I’ve always exercised regularly on and off, but it wasn’t until a friend invited me to play Soccer 6s in 2016 when I realised how unfit I had become. I did improve my fitness significantly playing regularly in this tournament but my diet still wasn’t great and I drank alcohol around 5 times a week.

In November 2018 I quit drinking. I didn’t want to admit it to myself but alcohol, even the smallest amounts, was making it much more likely for me to have an OCD lapse. My hangovers were lasting for days. Yet I kept going because I thought I needed it to relax after stressful days and to calm down my mind. I was wrong, I am so much better without drink. I am more present with the family, I have better clarity of thought and it’s a lot easier to stay in shape.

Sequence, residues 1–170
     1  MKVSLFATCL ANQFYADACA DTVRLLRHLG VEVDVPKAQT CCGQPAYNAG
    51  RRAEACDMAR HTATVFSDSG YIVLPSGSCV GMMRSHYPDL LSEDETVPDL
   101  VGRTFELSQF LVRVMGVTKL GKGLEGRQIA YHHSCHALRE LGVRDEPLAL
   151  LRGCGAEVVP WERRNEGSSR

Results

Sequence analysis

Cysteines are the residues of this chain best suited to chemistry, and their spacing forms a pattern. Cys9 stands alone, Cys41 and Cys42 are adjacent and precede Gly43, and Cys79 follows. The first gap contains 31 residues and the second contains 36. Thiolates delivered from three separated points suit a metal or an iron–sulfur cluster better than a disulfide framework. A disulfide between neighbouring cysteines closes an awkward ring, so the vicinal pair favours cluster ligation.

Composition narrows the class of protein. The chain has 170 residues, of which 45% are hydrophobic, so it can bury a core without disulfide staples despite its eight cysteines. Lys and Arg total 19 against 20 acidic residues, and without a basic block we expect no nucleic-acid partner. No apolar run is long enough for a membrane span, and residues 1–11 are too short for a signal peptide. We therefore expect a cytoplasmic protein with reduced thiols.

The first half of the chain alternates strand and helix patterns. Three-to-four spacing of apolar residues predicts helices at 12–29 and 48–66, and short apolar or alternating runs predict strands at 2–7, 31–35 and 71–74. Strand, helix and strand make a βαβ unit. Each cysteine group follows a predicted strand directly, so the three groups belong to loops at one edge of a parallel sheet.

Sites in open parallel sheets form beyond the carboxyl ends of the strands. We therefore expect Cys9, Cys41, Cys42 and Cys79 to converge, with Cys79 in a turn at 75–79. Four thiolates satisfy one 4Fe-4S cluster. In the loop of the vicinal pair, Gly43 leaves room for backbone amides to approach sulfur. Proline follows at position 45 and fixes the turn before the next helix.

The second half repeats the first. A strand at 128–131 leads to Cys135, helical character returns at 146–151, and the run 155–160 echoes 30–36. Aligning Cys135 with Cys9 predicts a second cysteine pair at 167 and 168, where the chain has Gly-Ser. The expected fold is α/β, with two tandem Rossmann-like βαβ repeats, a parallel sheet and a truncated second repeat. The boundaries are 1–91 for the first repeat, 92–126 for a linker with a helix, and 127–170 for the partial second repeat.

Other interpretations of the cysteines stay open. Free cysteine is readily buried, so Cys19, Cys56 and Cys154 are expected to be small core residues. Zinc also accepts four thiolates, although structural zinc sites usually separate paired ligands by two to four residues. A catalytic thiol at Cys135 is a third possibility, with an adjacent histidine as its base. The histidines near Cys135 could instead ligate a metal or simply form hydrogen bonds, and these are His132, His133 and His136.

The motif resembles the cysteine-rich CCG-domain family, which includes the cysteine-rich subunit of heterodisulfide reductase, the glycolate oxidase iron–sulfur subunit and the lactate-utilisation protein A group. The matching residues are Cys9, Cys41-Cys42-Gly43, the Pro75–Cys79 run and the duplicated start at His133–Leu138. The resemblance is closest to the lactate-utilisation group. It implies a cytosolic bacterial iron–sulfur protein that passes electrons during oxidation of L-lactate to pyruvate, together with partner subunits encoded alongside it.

January 2019 I started getting more serious with my fitness. I was weightlifting mainly, but was also trying to cut body fat. I managed to get into great shape, but I definately over did it and this contributed to me having a burnout. I still tend to have perfectionist attributes and can sometimes take things a bit too seriously. However, with a bit of trial and error I am comfortably eating a well balanced diet whilst still tracking my calories and nutrients to stay in shape. I do need to work on thinking I must look a certain way though.

Couldn’t I have done all this without OCD? Maybe, but probably not. I almost certainly wouldn’t have quit drinking. I also doubt I would have stuck to a reasonably strict diet and exercise regime if it wasn’t also key to maintaining my recovery.

5. Humility